Private and confidential

The full text of the "private and confidential" letter sent by David Thomas Pembrokeshire County Council's Head of Marketing and Communications to my Internet Service Provider, freenetname

Dear Sir or Madam,



I write to draw your attention to the above site, currently being published on your freenetname service.

This site has postings, the content of which is defamatory to leading officers and members of this authority. The defamatory content is posted under a site which purports to contain information about this authority as a whole. (By way of example I attach a hard copy of the site's Home Page which contains accusations of "shady backstairs dealings of Pembrokeshire County Council", with implications of financial fraud, improper planning decisions, corruption and fascism. The individuals aggrieved by the content you are publishing may decide to take legal advice in a personal capacity, with a view to pursuing an action in defamation against you.

A review of the site reveals postings which are of a defamatory nature, and which cannot be justified. I suggest that you access the posting headed 'list of past columns' and then open the column for 29 January 2001, headed "Portfield Gate" as a mere example of the type of content your site is currently publishing. By way of a specific example, the comments made under this column about the Council's Director of Leisure and Development and the way he conducts planning meetings are overtly defamatory and factually inaccurate.

In summary, these postings clearly contain imputations and suggestions which are untrue and are harmful to the reputation of the individuals mentioned and of the County Council.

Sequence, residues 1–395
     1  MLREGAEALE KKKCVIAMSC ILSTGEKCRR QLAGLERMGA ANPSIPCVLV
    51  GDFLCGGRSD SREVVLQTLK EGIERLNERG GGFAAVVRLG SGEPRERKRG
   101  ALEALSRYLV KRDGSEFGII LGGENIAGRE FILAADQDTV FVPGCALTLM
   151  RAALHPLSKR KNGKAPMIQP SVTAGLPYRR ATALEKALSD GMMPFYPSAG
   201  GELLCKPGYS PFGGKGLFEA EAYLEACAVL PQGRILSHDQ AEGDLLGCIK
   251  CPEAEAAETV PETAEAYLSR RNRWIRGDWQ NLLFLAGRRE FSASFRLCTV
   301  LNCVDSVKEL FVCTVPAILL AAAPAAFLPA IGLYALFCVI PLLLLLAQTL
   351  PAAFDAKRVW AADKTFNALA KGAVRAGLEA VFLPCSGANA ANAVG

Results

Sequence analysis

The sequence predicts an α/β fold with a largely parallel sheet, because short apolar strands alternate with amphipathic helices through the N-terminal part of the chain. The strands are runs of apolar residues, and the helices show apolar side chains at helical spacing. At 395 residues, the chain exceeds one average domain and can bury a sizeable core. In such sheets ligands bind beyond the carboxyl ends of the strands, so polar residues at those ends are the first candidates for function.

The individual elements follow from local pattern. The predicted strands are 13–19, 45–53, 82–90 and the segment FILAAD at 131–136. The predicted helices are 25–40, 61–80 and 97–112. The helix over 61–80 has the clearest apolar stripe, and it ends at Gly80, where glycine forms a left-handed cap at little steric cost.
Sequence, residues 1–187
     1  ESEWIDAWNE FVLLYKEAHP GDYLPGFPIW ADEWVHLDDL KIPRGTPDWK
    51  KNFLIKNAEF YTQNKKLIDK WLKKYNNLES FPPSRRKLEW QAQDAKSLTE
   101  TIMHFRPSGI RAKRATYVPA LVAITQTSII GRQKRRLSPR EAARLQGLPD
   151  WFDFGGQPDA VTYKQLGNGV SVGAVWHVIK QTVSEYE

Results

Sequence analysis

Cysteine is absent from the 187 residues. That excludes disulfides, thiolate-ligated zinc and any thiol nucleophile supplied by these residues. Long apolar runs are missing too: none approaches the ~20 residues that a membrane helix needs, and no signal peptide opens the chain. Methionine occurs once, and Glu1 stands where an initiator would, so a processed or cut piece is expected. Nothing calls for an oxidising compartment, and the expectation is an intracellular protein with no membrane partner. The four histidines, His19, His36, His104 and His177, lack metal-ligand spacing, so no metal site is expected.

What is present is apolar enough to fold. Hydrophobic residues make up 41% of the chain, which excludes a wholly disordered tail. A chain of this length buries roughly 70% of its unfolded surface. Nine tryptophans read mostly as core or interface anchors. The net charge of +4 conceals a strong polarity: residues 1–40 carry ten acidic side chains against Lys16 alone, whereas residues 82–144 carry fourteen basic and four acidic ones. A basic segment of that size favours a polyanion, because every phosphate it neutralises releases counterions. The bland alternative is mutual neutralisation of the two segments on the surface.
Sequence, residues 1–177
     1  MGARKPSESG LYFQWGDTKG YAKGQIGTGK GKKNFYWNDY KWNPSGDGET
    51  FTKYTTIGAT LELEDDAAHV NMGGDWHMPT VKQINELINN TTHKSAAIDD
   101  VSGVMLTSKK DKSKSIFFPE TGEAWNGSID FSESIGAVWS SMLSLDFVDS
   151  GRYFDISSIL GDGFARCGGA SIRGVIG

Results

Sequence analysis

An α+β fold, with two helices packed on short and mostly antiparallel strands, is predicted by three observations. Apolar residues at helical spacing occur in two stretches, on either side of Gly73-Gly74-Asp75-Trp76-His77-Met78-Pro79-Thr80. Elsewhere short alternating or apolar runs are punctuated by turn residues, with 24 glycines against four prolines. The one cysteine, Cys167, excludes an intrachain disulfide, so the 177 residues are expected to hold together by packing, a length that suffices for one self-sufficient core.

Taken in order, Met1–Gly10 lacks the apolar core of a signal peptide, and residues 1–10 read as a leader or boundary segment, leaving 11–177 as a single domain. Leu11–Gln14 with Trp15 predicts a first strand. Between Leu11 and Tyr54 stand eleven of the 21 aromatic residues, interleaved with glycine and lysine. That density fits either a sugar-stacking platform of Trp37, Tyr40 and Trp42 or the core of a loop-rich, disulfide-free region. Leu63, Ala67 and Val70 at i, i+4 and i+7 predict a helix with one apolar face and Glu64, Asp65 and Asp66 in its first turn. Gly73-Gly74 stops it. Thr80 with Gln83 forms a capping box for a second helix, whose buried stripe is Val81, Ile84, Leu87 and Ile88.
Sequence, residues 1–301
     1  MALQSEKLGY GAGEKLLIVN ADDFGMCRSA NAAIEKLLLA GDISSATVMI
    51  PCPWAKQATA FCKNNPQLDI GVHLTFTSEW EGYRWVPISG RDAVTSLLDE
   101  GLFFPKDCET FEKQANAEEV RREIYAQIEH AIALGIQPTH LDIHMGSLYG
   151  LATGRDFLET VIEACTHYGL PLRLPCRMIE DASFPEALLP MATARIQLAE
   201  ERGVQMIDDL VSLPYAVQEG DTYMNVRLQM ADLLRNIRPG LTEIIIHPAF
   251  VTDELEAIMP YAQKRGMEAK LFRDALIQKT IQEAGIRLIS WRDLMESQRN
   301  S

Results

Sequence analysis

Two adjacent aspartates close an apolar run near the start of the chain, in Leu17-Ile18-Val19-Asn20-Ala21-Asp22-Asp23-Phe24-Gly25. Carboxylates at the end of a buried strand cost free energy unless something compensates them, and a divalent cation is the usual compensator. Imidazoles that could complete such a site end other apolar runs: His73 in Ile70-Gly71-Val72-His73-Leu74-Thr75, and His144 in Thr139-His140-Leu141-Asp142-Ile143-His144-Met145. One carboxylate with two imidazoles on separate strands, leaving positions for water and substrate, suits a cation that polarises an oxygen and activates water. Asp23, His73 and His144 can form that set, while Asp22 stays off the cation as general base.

I refer you to your freenetname 'Terms and Conditions of Use' and 'Acceptable Use Policies@ and remind you of you powers to suspend an account or remove material where there are complaints of unlawful or inappropriate postings. I refer you to also to the leading case of Godfrey v Demon Internet Ltd.

I write therefore to put you on notice that you are hosting allegedly defamatory material. I would suggest that to continue to publish this site on your service may expose your company to the daily risk of publishing fresh defamatory material.

I should be grateful to hear from you upon receipt of this letter.

David Thomas

Faced with that combination of threats and bluster, freenetname, who, as their title suggests, provide a free service, had little alternative but to pull my site.

As the County Council well knew, having previously closed down dickdammit's site, Internet Service Providers, particularly those which make no charge, can neither risk being sued nor afford the cost of carrying out lengthy investigations into the truth or otherwise of the material carried on their servers.

One thing that struck me was the assertion in the antepenultimate paragraph that my postings on the Internet were "unlawful".

We are fortunate in Britain that decisions on what is lawful, and what is not, are taken by the courts and not on the say so of jobsworths with fancy titles in County Hall.



Certificate X

Unfortunately the articles below were written three weeks ago before I was rudely interupted by the County Council censors.

I apologise therefore for the rather dated references to "bog-standard" which was all the rage at the time.

You might have read in the local press (singular) that my website had been pulled down following a complaint from the County Council that the content was "defamatory to leading officers and members" of the authority.

Strangely, the Council failed to specify the precise words which were "overtly defamatory and factually inaccurate" so I have been unable to mend my ways and the content of my website is unchanged.

Equally strange is the fact that not one of the "leading officers and members" has complained, either to me or my Internet Service Provider, about anything I have written.

Naturally, I am fully prepared to go to court to defend everything that has appeared on my website if anybody decides to take up "the mighty sword of truth and the trusty shield of British fair play" against me.

So far, at least, nobody has chosen to test these issues before an impartial judge, though, in the case of Cllr Alwyn Luke's irregular expense claims, I may yet take the initiative myself.

As they say, attack is often the best form of defence.

The innumerates